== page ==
Hydrocarbon Carbon (never used for BE calibration – not reliable)
by B. Vincent Crist
Hydrocarbon type C (1s) BE is used to “Charge Reference” BEs from
Non-Conductive Materials, but can NOT be used to Check BE Scales
Adventitious carbon is used to charge reference BEs from non-conductive materials, but it is not useful to calibrate the BE scale of your instrument. See BE Calibration for details.
A fundamental problem of uncertainty and error exists for non-conductive materials (insulators) which represents by far the most common type of material analyzed by XPS. To use BEs measured from a non-conductive material, the XPS user must first use a method to compensate, offset or correct for the charge induced energy shift that occurs when the X-rays and/or a low voltage beam of electrons strike the surface of the area being analyzed. This method is commonly called “Charge Referencing”.
Charge referencing is performed by mathematically correcting all experimental peak values to a suitable reference energy, which in the case of non-conductive materials, is normally the C 1 s BE of the covalently bonded, non-ionic, hydrocarbon (component) moieties (C-H, C-C, C=C, CnHm) that exist on the “as-received” surface of nearly all materials. This hydrocarbon moiety (component) is the dominant form of adventitious carbon on all materials if the sample has not been recently ion etched, fractured in vacuum, or specially treated to remove the adventitious carbon. In recent publications you will find “adventitious carbon” also identified as “air-borne molecular contamination (AMC)”.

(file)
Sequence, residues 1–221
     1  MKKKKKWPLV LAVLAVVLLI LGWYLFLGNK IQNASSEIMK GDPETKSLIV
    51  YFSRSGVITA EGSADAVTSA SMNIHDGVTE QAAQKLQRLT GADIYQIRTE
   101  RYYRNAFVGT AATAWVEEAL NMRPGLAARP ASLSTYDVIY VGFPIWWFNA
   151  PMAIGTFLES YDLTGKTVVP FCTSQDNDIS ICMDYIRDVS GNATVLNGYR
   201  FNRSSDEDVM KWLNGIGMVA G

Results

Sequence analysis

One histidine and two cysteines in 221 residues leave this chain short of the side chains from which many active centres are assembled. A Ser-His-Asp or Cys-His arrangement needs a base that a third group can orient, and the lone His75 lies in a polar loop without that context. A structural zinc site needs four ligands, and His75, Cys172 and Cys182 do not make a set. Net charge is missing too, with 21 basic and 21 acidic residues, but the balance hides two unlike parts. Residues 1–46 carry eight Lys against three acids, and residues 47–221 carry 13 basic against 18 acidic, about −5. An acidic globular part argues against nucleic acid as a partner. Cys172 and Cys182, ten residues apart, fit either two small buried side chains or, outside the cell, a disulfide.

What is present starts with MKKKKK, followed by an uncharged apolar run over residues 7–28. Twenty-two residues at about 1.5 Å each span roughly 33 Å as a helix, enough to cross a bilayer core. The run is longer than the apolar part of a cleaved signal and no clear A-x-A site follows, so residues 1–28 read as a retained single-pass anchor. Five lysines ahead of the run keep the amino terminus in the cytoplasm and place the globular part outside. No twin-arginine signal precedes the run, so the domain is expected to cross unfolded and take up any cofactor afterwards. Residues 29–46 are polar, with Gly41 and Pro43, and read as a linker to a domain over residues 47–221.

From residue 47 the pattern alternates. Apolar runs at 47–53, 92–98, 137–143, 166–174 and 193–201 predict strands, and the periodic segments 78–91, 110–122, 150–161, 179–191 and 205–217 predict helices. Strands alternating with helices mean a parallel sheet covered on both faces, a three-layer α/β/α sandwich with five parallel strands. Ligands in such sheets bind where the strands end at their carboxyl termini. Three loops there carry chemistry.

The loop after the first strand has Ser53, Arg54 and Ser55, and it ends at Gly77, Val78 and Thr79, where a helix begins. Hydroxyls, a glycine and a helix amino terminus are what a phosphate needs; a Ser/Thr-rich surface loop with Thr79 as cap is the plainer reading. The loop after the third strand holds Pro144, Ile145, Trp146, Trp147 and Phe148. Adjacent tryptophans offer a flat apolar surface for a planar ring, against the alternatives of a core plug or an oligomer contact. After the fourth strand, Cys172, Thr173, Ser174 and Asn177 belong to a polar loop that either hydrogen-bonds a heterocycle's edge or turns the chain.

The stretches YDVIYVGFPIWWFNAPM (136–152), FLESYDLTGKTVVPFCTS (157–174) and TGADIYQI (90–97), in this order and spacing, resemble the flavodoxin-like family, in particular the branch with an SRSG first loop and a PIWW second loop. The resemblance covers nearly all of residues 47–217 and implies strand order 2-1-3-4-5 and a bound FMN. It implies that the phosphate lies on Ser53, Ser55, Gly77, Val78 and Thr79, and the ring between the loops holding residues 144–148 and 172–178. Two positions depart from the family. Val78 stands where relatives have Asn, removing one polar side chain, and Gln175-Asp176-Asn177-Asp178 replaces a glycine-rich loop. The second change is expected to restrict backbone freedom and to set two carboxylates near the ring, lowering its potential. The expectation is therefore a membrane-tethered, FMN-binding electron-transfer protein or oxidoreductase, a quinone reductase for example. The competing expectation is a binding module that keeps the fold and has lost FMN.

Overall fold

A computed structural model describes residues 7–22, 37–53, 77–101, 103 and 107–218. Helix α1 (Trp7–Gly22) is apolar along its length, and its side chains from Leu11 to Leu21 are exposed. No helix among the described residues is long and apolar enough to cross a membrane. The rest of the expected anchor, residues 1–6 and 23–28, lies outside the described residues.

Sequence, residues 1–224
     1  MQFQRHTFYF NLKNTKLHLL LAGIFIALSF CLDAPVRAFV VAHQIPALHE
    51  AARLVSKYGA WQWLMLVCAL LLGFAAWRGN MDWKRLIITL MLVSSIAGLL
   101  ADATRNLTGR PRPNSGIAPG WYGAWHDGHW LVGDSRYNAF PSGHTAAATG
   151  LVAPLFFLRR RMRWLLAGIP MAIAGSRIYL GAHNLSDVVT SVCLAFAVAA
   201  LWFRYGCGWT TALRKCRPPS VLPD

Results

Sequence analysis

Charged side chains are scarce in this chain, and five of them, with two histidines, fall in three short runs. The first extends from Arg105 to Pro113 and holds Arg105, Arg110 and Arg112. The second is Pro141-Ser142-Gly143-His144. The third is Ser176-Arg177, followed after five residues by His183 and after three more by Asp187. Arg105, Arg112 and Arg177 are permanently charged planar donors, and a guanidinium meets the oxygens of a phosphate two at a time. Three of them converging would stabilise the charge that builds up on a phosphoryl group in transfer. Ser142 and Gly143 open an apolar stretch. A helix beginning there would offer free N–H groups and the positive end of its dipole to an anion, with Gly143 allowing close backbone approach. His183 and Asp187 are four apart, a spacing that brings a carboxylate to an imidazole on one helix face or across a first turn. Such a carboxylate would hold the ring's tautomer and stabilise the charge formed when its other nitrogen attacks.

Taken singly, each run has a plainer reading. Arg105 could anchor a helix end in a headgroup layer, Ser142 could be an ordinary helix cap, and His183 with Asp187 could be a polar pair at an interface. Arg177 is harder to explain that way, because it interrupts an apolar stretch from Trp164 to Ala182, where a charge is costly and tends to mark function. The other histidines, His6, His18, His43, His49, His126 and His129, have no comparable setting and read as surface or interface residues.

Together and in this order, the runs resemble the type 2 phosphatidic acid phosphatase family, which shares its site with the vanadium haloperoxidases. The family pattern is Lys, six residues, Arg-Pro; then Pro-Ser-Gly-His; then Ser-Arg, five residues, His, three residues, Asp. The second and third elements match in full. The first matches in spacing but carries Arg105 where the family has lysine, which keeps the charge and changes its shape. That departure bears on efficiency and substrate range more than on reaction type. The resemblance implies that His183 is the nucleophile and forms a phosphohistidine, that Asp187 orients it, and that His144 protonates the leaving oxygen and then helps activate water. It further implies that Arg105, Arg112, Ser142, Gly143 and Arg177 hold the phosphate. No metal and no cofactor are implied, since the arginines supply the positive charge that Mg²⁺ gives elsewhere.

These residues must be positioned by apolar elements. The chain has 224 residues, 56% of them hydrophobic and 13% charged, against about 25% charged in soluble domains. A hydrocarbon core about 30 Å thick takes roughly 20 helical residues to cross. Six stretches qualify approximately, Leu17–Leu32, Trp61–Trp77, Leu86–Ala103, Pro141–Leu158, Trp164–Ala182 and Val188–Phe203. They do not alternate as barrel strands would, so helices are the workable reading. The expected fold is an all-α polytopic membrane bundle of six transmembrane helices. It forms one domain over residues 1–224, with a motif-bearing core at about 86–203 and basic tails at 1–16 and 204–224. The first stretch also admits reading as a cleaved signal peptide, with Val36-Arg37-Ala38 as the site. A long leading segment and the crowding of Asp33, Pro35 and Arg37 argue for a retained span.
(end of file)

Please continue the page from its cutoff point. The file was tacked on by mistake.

This fundamental problem exists in all numerical databanks,and is due to the 0.4–0.6 eV range in the reference energy of the hydrocarbon moiety C 1s peak BE that is used for charge referencing non-conductive materials. Table 8 shows the range of C 1s reference energies still in use today. The hydrocarbon moiety C 1s reference energy that is used for charge referencing raw spectra obtained from non-conductive materials depends completely on the initial training of the operator, author, or scientist.
Each beginner is trained to believe (accept) that the C 1s reference energy for the hydrocarbon moiety is one of the following values:
284.6, 284,7, 284,8 or 285.0 eV
At this time, there is no standard reference energy for the C 1s BE of the hydrocarbon moiety or any pure non-conductive hydrocarbon material, and there is no known method for ensuring a true Fermi level contact between the surface of a non-conductive material and a suitable reference material or a user deposited layer of some pure non-conductive hydrocarbon material.